16 January 2021
What should we do with our emotions at work? If we’re not used to showing them, or recognizing them in others, it’s because we’re used to seeing them as something that’s an “aside” from our ability to think. So thanks to their complexity and unpredictability, they become something reserved for the private sphere, by default. Even when the boundaries between our private and professional lives blurred, it seemed more to make sense to keep them private: if a feeling managed to escape, it caused embarrassment, so needed to be hidden.
Lots of people think that we are thinking beings that feel, but biologically speaking we are emotional creatures that think.
It’s what Jill Bolte Taylor outlined in her book “In the garden of the mind”. It means that our ability to think and our ability to feel are intrinsically linked, and our ability to act is a consequence of that.
If we were to ask our human resource teams “where” emotions meet corporate roles, you’d see two areas emerge: “soft” areas and caring for employee wellbeing. The first category has been gaining ground in recent years. It’s about understanding the value behind a company, but also the soft skills, or human skills, that enhance a person’s performance. When we use the term “soft”, we tend to think that of something that’s less essential than a “hard” skill. But it triggers the feelings dilemma again. They are difficult to identify and measure, above all in areas where it’s important to simplify complex situations, where we feel we can’t give ground to things we can’t control. It’s much harder to debate the value of hard numbers, but what about when we talk about attitudes or behaviors?
They increase the complexity. They are already there and over the past year we haven’t been able to ignore them. But we still need to agree on a shared glossary and define processes that can make sense of them.
It’s easier to consider them when we talk about employee wellbeing: activities dedicated to helping people feel better at work. They can help people be professionally mobile, connecting work to personal aspirations, linking career challenges to work-life balance. It’s all about observing how people “feel” – something that’s on the rise at a time when there’s a tsunami of new behaviors, where nothing has stayed the same. When companies do this, they allow people to go beyond their professional boundaries, supporting where needed and protecting energy that fuels thinking and productivity.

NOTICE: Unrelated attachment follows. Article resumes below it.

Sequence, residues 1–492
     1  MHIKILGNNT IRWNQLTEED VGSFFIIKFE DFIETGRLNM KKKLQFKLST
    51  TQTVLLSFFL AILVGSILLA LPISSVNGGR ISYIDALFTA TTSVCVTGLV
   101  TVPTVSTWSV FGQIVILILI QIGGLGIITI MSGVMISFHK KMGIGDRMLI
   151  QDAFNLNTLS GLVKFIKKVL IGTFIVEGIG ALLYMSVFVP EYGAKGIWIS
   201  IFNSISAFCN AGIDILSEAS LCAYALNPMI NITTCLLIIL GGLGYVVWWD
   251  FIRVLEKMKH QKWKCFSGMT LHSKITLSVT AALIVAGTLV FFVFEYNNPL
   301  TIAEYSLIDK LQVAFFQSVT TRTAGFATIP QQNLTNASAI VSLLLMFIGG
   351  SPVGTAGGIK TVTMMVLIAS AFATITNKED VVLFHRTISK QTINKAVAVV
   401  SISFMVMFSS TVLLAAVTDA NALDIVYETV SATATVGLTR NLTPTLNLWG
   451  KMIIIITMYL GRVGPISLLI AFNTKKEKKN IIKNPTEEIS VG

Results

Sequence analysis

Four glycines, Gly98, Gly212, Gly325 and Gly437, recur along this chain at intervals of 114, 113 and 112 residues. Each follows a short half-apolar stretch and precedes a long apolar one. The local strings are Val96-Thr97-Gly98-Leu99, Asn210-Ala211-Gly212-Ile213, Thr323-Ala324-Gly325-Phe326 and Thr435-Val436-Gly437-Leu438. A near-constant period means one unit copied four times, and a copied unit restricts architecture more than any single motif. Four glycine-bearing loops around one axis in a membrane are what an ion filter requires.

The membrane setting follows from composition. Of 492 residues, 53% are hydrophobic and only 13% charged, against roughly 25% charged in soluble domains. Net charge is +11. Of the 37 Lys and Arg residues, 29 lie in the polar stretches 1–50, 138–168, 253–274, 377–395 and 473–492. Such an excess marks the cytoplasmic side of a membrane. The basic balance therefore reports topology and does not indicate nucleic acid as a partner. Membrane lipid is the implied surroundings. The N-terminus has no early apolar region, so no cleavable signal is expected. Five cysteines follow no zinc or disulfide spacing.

It’s a social responsibility that companies are expressing more often. It’s a win-win situation. Nobody loses out, in fact some needs that are traditionally met in the public sector are now being met by private initiatives. However, once feelings have been identified, it’s more challenging to create a system that contains them. Researchers call this the “spill over”. It brings us back to our initial question: what can we do with all these feelings at work?
The reason we have so many neurones dedicated to reflecting on others’ feelings (mirror neurones) is that emotions are at the centre of our relationships and sense of self. Neuroscience is proving that they are intrinsically connected to our ability to reason, understand and think. They are very low on the Maslow pyramid: when we ignore them and neglect them, they can compromise everything else. But isn’t that how we’ve done things for decades? The modern workplace has flourished without making space for feelings at all. Yes, but how much has it cost us? The emotions that we’ve left behind are the same ones we’ve then been going back to when we need to be creative, innovative, diverse. They’re the feelings we need to take a step forward when the status quo changes. And when we try to face change while using just one half of our brain, we fail.
Feelings are always there. They’re at the heart of our intellect. When we get familiar with what that really means, we can break down the stereotypes that we’ve used until now. Everything that we squeeze into these low-traffic areas suffer when we over-simplify things through incomplete stereotypes. When we welcome emotions, they can enrich our narrative at work and reduce stigmas that hide behind words such as fear, tiredness, happiness, sadness and guilt. Perhaps Covid has accelerated the process for us, which could result in double to resources available to us. Let’s welcome those feelings.
This post was originally by our CEO Riccarda Zezza for the Alley Oop blog on Il Sole 24 Ore. To read the original blog in Italian, please click here.